Satya Nadella explained Microsoft’s “secret” weapon against AWS and Google:
To me what matters is having the right mix of SaaS value. I don’t think of my server business as somehow “old school” or “legacy.” I actually think of the server as the edge of my cloud.
We now have the ability to tie together the cloud and the server. That is a very unique capability that we have. So who am I competing with? Amazon has no capability to compete there. They don’t have a server. Nor does Google. Oracle doesn’t have the equivalent capability. So those are the places where we want to really excel.
The reality is that whether you have some sort of a server on-premises or not shouldn’t matter and that is why Google and Amazon are not concerned in the long term – while Microsoft will continue to be a follower in the cloud arena rather than a leader.
Let’s consider what public cloud like AWS has done for the software industry: it dropped the cost of entry for a startup to near zero. Whereas in the past a startup would need to get redundant enterprise-grade Internet connection and build out a server infrastructure, today all they need to do is going to their AWS dashboard and provision a server. The point is, Googles, Amazons of tomorrow are not built on-premises. Startups of today will be the dominant players of tomorrow and they are built in AWS and Google without a care in the world for on-premise IT.
Smart enterprise does not rely on any particular server. I’ve long been advising my employers and customers to not use Java EE servers like IIS, WebLogic or Glassfish, for example, and instead rely on lightweight platforms (Spring and Jetty for Java, Node.js, etc.) Smart enterprises build out enterprise API that make the location of their applications (on-premise or in the cloud) irrelevant to the business. Smart IT departments develop data governannce policies that improve insights while decentralizing data.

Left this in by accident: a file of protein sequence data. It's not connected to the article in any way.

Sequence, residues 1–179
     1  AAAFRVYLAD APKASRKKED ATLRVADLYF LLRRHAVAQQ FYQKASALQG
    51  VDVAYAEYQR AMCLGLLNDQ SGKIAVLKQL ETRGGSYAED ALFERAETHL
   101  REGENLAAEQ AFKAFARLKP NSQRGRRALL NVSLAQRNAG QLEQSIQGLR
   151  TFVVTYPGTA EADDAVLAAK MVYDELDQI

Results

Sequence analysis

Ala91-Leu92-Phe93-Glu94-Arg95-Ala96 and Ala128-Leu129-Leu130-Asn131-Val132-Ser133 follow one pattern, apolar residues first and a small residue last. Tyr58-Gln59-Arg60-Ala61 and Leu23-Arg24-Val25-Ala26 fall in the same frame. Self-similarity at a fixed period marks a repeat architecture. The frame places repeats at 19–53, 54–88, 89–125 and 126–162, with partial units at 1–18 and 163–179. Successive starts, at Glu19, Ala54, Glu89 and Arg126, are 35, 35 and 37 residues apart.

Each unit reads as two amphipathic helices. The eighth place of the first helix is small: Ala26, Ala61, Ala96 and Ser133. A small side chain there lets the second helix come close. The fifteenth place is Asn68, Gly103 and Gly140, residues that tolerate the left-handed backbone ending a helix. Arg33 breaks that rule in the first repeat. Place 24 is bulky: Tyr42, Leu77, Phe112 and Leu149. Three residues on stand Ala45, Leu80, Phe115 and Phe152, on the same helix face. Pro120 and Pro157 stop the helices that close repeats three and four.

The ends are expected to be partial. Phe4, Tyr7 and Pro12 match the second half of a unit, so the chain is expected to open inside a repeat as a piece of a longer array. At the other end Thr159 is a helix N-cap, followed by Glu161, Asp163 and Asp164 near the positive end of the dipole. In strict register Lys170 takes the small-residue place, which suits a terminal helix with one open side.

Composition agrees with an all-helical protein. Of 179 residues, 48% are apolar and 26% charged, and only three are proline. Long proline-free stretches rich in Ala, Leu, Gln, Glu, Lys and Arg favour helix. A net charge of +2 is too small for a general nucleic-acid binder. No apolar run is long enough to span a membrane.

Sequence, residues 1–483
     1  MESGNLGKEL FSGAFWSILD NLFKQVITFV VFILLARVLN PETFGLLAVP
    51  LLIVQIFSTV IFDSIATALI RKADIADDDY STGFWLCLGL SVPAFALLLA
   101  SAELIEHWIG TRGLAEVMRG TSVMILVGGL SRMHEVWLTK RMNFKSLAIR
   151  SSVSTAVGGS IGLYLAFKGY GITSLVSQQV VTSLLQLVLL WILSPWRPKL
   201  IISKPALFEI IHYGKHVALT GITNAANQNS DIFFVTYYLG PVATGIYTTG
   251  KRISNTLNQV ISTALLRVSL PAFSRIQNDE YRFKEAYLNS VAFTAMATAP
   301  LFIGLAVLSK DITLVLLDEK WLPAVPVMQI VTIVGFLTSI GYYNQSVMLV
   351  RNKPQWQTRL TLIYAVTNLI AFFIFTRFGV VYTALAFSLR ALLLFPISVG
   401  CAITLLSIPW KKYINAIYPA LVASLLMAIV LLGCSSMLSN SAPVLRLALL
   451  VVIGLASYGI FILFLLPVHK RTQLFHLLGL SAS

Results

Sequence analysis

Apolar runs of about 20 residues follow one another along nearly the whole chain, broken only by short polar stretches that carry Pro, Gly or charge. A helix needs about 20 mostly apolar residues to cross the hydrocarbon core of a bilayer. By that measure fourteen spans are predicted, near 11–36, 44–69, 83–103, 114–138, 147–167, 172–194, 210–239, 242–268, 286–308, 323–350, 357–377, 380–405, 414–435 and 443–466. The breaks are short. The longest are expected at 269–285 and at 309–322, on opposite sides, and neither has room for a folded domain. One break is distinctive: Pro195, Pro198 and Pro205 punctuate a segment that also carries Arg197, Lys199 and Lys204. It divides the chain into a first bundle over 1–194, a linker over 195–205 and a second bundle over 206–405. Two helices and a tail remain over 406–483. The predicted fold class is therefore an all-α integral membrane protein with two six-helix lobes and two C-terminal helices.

The cloud shifted the center of technology management and thought leadership away from enterprise IT departments and CTOs down to individual teams. A team armed with a budget no longer needs to go through red tape and beg their IT department to find a place where to run their applications in a scalable fashion. Just like BYOD disrupted enterprise mobility so does “Bring your own Salesforce”, “Bring your own AWS” and “Bring your own Heroku.” Enterprise IT can help make themseles relevant by not restricting where the applications are hosted and instead offering secure enterprise API accessible as described above, along with data governance and best practice procedures.
An enterprise that owns and publishes their business API and has a sound data governance is not beholden to any particular cloud vendor – not even Microsoft. Traditional vendors will continue to sell their hybrid on-premise/cloud products, but the reality is that they only kick the can down the road and further entrench their influence in your organization. Own your API and data governance and set your enterprise free from the shackles of enterprise IT vendors!